Post Falls woman’s yard becomes promising patch for students, mentors
Near the corner of Seltice Way and Greensferry Road in Post Falls, there are a bank, a tire store, a pawnshop.
There’s also a one-acre residential lot dotted with towering cherry trees and apple trees in serious need of pruning.
This spring and summer, students from various Post Falls School District programs will turn this dormant piece of earth into a productive garden. The garden’s bounty, in turn, will be donated to local seniors who are no longer able to garden for themselves.
The garden is part learning lab, part community service project. It’ll be a place where students can learn practical skills, see some of their lessons put to use, and meet up with mentors who can guide them through the gardening process, said Mark Jones, the Post Falls School District’s alternative to suspension coordinator.
The garden project is supported by a $22,300 grant from Balanced and Restorative Justice, a program of the Idaho Department of Juvenile Corrections. The grant pays for personnel, transportation and maintenance expenses, in addition to startup costs, such as a lawnmower, a rototiller, fertilizer and plants, Jones said.
While students in grades 7 through 12 will work and visit the garden during the school year, the summer workers will include students and other young people who need to complete community service hours through the justice system.
“It’ll be mostly kids with an interest in outdoor activities, or gardening, or maybe some science,” Jones said. “Or maybe those who need some extra hours to earn their way back into school. It’ll be a combination of all kinds of different students from all kinds of situations.”
The land is owned by Mary Richards. She’s lived at the corner of Seltice and Greensferry since long before there was an interstate nearby. Before there wasn’t much of anything except a pond and some roving cows, Jones said. “Mary planted the seed for this,” he said.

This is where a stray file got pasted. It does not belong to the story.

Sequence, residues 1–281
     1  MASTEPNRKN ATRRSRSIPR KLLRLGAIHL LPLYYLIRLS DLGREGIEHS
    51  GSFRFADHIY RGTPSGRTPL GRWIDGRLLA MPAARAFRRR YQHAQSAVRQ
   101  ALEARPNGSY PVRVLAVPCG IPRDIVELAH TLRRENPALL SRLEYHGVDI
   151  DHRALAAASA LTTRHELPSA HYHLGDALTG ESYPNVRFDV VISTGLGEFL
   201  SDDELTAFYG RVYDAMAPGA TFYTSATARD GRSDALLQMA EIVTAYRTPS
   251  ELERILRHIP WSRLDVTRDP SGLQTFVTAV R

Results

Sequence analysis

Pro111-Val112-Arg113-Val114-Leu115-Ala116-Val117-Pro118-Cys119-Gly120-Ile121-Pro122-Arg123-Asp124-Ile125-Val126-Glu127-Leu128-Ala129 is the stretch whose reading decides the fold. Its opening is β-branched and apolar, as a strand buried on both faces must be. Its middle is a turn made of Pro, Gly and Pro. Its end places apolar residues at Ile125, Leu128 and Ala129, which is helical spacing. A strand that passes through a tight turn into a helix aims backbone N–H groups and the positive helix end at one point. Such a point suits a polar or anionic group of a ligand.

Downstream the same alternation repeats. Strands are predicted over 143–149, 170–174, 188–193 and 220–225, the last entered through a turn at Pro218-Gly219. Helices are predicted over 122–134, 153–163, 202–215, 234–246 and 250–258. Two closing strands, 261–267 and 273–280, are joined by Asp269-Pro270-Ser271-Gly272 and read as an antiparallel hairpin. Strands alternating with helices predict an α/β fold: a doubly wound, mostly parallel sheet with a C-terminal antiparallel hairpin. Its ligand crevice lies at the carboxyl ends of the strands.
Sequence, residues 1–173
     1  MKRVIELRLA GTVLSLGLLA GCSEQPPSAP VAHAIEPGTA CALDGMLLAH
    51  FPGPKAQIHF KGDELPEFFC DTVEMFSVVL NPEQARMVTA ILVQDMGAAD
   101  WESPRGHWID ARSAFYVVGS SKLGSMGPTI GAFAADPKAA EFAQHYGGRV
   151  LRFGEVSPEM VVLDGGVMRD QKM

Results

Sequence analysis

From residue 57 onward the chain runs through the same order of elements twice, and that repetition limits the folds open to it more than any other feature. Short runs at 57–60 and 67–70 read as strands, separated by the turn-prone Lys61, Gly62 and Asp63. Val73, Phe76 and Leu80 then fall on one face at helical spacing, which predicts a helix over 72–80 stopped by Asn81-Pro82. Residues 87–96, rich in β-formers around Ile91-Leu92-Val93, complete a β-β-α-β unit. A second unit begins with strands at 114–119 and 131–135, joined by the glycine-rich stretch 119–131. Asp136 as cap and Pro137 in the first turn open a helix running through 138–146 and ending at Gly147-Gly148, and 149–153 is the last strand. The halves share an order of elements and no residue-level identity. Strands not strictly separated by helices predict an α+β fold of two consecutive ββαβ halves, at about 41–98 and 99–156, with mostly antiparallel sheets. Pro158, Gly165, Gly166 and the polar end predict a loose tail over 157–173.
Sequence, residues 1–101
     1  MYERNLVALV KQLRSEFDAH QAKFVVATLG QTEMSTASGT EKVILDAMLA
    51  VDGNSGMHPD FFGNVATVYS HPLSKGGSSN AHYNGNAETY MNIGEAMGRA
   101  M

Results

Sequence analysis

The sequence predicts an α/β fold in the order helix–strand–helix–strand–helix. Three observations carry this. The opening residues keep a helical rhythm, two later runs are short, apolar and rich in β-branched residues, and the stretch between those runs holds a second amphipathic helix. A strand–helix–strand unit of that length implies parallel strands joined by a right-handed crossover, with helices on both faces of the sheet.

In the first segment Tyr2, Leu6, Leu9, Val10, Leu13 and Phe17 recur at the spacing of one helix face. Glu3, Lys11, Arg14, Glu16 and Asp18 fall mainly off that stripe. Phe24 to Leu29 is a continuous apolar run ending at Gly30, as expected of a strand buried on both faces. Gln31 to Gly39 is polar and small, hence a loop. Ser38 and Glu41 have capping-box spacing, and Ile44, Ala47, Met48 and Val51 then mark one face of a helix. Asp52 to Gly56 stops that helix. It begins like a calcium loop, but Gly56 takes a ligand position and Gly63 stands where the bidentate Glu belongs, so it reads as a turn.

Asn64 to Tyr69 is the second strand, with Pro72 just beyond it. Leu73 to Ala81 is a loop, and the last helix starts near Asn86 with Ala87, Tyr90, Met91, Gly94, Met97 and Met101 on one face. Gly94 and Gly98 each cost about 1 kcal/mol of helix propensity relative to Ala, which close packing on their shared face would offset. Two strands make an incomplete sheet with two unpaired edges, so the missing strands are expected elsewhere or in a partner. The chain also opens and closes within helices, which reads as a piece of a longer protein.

Jones met Richards, who uses a wheelchair, through his Meals on Wheels route. Soon he began helping out around the place, mostly with snow removal. For years, Jones said, Richards suggested students could learn a lot by working her land.
Work at the garden began last fall, when students helped dig up sod to create two 40-by-70-foot garden beds. Already, cold-weather crops such as lettuces, cabbage and cauliflower are in the ground. Blueberry and raspberry bushes have been planted nearby. As the weather warms, additional vegetables and herbs will find homes in the new beds.
Because Jones didn’t want to see Richards burdened by the extra cost of watering the garden, the city of Post Falls installed a separate water meter; irrigation will be paid for with the grant money, he said.
On a recent morning, students from New Vision High School visited the site to hear a presentation on pruning and tree care from Joe Zubaly, president of Northwest Plant Care.
Then they had a chance to prune a few of Richards’ fruit trees.
The students were there as part of the community service component of their education, said Steve Hansen-Barber, a science teacher at the alternative high school.
“This just broadens their ideas of the world out there and what possible jobs and types of thing are available,” he said. “But the other thing is the meaningfulness of doing something in your community and being a part of the community. So many of the alternative school kids feel like outsiders. This brings them back, gives them some ties.”
Later this spring he’ll bring his science students to the garden, where they’ll supplement their classroom work on climate change by seeing how buying and eating locally can reduce dependence on fossil fuel.
Mentorship comes in the form of the River City Garden Club. Several club members have been active in the garden, giving advice and helping plan what to plant where and when.
“I think this is absolutely the most wonderful thing,” said Barb Tilton, a gardener from Post Falls. “This is so good for the kids. This is something they can take with them for the rest of their lives.”
The gardeners get something out of it, too. Several of them watched Zubaly closely as he demonstrated the best way to prune a neglected apple tree.
“The more we hang out here, the more we learn,” Tilton said.
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